At least 12 women from Melbourne, Australia, have attempted to join the Islamic State group, and in some cases, tried to become jihadi brides, Australian police said Friday. The news comes amid growing concerns over Australians traveling to the Middle East to fight alongside the militant group.
The women are aged between 18 and 29 years, and were recruited online, BBC reported, citing police. They reportedly hailed from the northern and southeastern suburbs of Melbourne.
According to a special investigation by Victoria Police, five of the 12 women have successfully joined the militants in Syria. Authorities reportedly said that four women made it to Turkey before they were intercepted by police. Another woman was reportedly stopped by customs officers in Australia while the whereabouts of two other remain unclear.
"They think they will be put on a pedestal and treated very well overseas but the reality is that is not the case," Tracy Linford, assistant commissioner of Victoria Police told reporters on Friday, according to ABC News. "Some of these women are forced into arranged marriages, sexual servitude and are living in squalid conditions often on rations."
Last month, Australian authorities established Task Force Pax to monitor potential extremists in Victoria. Linford reportedly said that two forensic psychologists had been appointed in the task force to help authorities understand why the young women were trying to join the Sunni militant group.
"The use of psychologists provides us with a far more comprehensive risk assessment and also assists in identifying early intervention opportunities," she said, according to BBC. "This gives us the chance to focus on identifying those youths most at risk of radicalization and to engage with them or their families directly."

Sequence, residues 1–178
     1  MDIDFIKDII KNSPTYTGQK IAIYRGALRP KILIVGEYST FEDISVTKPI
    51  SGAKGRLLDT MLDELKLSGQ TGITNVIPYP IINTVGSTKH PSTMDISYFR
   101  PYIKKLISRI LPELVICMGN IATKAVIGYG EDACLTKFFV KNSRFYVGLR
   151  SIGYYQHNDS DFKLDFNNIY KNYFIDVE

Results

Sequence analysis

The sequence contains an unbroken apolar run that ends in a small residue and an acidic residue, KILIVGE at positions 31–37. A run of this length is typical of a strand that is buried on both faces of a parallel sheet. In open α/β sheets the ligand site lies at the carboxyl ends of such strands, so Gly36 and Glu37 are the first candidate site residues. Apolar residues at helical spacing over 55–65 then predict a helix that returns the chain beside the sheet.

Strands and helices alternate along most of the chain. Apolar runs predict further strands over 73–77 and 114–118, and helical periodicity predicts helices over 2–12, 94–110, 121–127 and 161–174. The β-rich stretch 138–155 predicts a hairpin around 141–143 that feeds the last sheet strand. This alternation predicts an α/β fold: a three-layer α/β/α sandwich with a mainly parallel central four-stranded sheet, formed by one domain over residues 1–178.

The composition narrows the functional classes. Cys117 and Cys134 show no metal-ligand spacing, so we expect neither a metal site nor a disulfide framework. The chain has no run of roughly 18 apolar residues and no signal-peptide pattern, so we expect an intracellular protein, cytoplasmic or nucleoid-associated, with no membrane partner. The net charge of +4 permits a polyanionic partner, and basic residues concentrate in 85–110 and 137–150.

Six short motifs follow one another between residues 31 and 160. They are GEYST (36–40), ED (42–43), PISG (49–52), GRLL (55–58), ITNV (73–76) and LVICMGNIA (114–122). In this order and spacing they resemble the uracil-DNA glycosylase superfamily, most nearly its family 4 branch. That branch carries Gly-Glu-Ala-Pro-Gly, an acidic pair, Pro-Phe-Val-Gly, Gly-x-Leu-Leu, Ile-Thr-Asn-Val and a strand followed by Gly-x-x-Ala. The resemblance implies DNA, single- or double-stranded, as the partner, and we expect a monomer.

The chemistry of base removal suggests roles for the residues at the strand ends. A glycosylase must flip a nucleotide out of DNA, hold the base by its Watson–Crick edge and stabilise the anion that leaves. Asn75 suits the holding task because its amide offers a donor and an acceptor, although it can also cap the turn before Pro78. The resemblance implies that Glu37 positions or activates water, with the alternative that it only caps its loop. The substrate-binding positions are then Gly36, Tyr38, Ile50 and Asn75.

One of the women was identified as 21-year-old Zehra Duman, who allegedly traveled out of Melbourne in December to join Mahmoud Abullatif, an Australian man, believed to be an Islamic extremist, BBC reported, citing The Age, a local newspaper. The report added that Duman traveled to Syria without her parent's knowledge.
The government is reportedly working to introduce a legislation that will allow authorities to strip the Australian citizenship of dual citizens joining ISIS in Iraq or Syria. Sympathizers of militant groups will also be targeted under the new law, BBC reported.
According to the Australian government, at least 100 Australians are fighting alongside ISIS in the Middle East, while another 150 people are believed to be supporting the militant group from within the country.